In a treatise about his own breed, Paul Gallico once said that sports writers are often cynics because they "learn eventually that, while there are no villains, there are no heroes either." But, he warned, "until you make the final discovery that there are only human beings, who are therefore all the more fascinating, you are liable to miss something."
Roberto Clemente Walker of Puerto Rico--the first Latin American to enter baseball's Hall of Fame--was a fascinating human being. And if, as Gallico observes, there are no heroes, there are men who achieve deeds of heroic dimension. Roberto Clemente was one of these gifted few.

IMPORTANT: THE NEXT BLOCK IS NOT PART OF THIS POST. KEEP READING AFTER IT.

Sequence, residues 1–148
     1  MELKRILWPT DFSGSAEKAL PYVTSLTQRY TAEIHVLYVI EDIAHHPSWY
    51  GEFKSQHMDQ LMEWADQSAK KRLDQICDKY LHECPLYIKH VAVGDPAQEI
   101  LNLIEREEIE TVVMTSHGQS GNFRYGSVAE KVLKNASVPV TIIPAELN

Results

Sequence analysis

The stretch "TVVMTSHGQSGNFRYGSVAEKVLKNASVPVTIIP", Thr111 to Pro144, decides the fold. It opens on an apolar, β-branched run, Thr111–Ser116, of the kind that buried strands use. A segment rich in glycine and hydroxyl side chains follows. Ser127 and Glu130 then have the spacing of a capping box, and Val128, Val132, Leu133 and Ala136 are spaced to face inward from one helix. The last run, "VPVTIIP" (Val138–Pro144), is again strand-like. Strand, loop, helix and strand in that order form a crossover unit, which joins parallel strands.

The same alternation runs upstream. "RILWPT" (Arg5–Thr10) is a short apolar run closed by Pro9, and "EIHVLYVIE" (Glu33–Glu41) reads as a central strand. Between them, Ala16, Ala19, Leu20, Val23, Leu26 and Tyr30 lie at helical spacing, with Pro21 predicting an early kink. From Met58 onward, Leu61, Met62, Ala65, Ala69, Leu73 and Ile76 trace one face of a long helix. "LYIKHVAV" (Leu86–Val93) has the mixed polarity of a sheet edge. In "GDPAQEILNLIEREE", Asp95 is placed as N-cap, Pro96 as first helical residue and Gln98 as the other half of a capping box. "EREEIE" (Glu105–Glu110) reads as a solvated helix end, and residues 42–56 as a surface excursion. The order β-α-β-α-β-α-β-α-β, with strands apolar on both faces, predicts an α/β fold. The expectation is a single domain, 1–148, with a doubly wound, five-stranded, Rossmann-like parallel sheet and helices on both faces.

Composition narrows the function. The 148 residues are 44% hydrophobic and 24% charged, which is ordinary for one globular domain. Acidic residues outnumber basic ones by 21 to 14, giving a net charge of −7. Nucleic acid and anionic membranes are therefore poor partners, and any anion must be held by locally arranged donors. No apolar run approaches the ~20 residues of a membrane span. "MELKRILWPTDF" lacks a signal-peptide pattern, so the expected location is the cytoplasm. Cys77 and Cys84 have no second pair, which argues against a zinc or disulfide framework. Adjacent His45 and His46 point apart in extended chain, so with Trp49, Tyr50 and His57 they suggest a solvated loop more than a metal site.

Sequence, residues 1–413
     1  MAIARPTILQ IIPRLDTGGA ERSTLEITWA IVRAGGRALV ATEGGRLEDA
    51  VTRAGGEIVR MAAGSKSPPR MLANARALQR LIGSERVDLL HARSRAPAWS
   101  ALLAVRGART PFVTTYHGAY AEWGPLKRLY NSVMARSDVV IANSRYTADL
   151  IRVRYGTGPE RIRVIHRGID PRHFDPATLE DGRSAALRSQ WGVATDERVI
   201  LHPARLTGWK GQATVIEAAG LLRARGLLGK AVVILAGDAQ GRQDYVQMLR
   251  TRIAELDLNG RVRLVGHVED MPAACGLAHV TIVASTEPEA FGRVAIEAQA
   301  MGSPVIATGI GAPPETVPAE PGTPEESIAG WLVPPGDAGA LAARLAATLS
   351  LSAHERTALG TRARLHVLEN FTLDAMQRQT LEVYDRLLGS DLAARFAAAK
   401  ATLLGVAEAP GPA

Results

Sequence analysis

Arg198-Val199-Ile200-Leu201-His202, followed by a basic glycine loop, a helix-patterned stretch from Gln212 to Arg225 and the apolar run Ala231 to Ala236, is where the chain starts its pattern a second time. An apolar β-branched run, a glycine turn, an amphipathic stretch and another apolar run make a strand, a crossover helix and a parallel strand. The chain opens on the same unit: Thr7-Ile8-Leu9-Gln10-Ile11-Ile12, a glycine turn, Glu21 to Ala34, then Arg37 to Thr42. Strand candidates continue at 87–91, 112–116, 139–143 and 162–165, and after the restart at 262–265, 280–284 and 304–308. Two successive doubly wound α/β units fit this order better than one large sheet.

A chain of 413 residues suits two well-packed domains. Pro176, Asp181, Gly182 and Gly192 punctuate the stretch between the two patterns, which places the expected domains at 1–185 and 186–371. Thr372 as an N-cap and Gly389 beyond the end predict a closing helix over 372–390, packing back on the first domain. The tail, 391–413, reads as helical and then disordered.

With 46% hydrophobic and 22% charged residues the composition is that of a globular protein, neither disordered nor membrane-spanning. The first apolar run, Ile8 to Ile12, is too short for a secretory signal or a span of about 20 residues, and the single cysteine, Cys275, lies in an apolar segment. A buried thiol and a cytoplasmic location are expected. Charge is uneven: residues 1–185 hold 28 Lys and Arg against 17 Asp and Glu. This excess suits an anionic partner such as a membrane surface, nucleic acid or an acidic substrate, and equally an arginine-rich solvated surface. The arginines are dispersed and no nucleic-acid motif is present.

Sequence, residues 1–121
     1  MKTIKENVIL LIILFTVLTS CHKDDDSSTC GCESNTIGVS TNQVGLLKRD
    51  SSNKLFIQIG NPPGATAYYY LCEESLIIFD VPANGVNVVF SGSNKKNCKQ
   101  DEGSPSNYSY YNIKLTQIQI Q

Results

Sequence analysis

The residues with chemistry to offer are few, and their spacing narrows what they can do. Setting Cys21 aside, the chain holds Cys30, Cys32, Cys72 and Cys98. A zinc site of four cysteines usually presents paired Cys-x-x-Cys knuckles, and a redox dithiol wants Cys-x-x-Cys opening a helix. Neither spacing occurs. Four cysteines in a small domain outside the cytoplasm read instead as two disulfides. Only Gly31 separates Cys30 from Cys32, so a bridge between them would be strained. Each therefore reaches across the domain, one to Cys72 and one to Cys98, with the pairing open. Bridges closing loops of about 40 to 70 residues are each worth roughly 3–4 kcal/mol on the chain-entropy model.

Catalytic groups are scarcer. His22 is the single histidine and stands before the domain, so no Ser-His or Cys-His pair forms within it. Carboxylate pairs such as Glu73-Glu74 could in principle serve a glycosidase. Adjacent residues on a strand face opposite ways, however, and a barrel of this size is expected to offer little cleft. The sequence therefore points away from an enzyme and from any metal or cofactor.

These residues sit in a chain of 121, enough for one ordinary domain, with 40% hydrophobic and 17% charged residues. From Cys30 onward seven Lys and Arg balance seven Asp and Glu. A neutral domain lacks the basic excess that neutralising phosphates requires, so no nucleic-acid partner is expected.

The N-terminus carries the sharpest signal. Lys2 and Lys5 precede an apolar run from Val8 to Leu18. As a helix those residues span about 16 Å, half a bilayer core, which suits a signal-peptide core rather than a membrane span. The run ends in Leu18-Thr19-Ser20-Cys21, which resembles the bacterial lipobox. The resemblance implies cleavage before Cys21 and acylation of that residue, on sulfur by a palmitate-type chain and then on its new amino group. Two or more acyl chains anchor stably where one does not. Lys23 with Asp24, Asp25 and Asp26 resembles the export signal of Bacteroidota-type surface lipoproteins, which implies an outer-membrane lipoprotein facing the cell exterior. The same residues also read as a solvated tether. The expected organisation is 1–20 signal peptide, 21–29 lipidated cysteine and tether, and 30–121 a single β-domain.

"Without question the hardest single thing to do in sport is to hit a baseball," says the great Boston slugger Ted Williams. "A .300 hitter, that rarest of breeds, goes through life with the certainty that fie will fail at his job seven out of ten times." A baseball is a sphere with a diameter of 2⅞ inches. The batter stands at home plate and grips a tapering wood cylinder that has a maximum diameter of 2¾ inches; he tries to defend a strike zone that is approximately seven baseballs . . .